“While we watch (Trump), we need to see Congress.
“I saw Senators go to the room the next day after all this, where the journalists said, what do you say, what do you say?
“They had nothing to say. They will not respond.
And then We are not just the president’s country. We have a congress. We have a high court. But most of all, we have the people of the United States, who vote, those who vote in it, and those who vote for it. “
Make no mistake about what Powell does here: He calls – and exits – Republican lawmakers for their total surrender to all of Trump’s whims. He tries to remind them that the founders of the state envisioned three equal parts of government – not a legislative branch that lived in fear of the executive and did everything it said.
This is what the Republican Party has done in Washington over the past three years. While Trump was not the choice of almost any of the major Republican leaders in Washington during the 2016 campaign, it became apparent in the aftermath of his career to nominate the Republican Party and the stunning victory over Hillary Clinton that he would force them to make a very clear choice: Are you with me or against me?
Trump’s political vision has not allowed the world any slight difference or differentiation. Either you agree with him – publicly, at least – 100% of the time or you are his enemy – and therefore, someone will try to destroy it. (And yes, this is an incredibly simplistic way of seeing politics and the world.)
So, very early on in Trump’s presidency, Republican leaders had to choose: Do you fully align with Trump (and get some of your main priorities like more conservative judges, tax cuts, etc.) or do you confirm your independence as a legislature and threaten a stressful relationship With the CEO can you put those priorities at risk?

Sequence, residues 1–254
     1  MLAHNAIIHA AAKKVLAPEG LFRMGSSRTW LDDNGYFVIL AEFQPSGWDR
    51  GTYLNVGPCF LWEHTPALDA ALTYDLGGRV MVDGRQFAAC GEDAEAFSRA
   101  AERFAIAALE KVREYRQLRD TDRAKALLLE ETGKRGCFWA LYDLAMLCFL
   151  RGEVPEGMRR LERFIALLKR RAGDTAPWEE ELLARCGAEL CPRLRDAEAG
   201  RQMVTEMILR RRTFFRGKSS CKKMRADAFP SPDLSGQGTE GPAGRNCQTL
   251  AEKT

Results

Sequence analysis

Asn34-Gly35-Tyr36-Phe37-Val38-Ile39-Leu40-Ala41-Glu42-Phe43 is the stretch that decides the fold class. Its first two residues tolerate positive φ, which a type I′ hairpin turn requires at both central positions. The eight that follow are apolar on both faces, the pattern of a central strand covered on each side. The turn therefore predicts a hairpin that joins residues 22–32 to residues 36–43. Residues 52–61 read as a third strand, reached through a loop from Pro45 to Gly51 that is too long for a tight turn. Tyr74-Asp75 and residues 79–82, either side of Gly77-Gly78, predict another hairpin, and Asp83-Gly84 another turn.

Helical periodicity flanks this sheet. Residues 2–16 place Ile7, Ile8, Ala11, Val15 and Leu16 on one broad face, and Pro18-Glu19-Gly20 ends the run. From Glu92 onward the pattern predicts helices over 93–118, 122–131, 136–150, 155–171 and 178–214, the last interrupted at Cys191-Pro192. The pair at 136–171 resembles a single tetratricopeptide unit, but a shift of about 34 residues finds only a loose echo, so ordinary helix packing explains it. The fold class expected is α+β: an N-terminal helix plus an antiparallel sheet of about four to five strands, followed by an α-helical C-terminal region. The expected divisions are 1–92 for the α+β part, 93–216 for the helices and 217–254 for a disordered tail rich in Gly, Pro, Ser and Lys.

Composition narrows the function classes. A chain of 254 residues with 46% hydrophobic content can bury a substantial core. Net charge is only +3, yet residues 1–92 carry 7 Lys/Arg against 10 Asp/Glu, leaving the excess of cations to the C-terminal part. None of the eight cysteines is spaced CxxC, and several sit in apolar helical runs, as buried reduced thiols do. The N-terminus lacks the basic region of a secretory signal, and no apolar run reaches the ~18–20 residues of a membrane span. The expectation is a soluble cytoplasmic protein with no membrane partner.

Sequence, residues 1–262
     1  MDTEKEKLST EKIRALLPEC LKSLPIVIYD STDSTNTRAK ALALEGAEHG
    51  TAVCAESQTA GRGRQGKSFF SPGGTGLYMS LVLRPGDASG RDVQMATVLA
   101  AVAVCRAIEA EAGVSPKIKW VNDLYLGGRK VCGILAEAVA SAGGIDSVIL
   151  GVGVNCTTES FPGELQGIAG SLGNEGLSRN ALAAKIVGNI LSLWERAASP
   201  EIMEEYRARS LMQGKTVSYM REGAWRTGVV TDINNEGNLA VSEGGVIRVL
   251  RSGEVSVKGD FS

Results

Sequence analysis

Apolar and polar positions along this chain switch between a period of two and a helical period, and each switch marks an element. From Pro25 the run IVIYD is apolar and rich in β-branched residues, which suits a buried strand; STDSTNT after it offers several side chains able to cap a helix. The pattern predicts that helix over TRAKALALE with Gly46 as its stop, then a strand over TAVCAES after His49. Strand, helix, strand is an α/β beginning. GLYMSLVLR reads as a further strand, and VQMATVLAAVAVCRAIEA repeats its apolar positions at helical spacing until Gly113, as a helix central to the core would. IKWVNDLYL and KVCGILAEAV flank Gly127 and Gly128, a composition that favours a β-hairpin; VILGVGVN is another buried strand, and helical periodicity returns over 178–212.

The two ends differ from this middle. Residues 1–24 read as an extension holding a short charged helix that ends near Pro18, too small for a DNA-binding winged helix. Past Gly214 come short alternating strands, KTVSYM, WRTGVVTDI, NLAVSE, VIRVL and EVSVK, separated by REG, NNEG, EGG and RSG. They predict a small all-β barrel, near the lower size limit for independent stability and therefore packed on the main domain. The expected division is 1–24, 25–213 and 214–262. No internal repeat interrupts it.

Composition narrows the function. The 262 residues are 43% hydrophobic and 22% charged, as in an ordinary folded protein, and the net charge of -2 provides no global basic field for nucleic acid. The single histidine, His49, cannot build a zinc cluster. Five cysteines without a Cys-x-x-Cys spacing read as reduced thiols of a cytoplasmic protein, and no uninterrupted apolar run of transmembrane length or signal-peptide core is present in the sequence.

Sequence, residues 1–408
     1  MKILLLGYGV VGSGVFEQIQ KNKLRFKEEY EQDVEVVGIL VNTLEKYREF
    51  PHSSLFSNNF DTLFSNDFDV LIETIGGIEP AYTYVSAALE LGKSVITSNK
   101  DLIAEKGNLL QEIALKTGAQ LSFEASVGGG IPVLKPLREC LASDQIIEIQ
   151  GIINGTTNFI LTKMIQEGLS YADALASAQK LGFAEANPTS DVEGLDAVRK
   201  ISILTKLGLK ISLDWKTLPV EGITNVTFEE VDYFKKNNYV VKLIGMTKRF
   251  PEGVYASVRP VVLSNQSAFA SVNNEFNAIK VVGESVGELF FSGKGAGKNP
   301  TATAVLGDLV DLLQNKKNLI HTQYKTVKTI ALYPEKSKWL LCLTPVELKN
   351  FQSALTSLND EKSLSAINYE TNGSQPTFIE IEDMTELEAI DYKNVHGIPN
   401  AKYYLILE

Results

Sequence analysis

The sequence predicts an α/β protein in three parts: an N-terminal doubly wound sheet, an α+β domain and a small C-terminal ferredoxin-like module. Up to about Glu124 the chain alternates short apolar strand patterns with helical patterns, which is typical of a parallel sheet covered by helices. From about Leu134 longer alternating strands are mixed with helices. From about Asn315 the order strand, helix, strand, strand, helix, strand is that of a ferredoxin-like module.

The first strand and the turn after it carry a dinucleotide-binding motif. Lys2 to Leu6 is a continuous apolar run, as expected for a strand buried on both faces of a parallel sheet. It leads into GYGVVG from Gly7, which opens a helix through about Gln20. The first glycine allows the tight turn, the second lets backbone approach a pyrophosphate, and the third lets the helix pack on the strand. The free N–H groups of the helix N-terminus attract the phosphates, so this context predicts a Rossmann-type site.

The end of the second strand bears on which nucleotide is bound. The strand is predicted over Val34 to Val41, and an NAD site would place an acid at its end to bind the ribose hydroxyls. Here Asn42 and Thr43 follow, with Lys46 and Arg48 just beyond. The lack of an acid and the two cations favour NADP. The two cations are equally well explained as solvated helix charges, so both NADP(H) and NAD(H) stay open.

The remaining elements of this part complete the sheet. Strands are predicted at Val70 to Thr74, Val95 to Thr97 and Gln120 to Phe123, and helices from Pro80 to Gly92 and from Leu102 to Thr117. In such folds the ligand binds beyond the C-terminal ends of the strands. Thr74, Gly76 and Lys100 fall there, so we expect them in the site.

Even amid these disturbing signs, very few Republicans are likely to respond to Powell’s call to defend themselves – and against the president.
In the wake of criticism of former Defense Secretary James Mattis to the president late last week, my mother was the word among Republicans in Congress, with some notable exceptions, such as Senator Lisa Murkowski (from Alaska) and Mitt Romney (from Utah).
“It is politically fashionable to blame Trump for everything – and I am not buying it,” said Sen. Lindsey Graham, a South Carolina senator.
“I didn’t follow, I’m sorry,” said the senator from Louisiana Bill Cassidy.
This silence (or sand sticking) is what Trump bought with the policy proposals he pushed. The undeclared deal Republicans struck in Congress was that they would use Trump to gain long-sought conservative priorities in exchange for unlimited political loyalty to a man, even a few years before his decision to run for president in 2016, not even my Republicans had direct opposing views of those The Republican Foundation adopted just a few years ago, on a variety of issues from trade to deficits.
No one knew what the price of this silent loyalty would return in early 2017. As of today, it could lead to a Democratic president and a Democratic-controlled Congress in January 2021. Even then, Trump’s embrace and an unwillingness to make any criticism Real policies and data that go well beyond any traditional definition of “conservative” can hold back the Republican brand for much longer than a single election.
The question that every Republican will have to ask themselves, perhaps sooner rather than later, is: Was it worth it?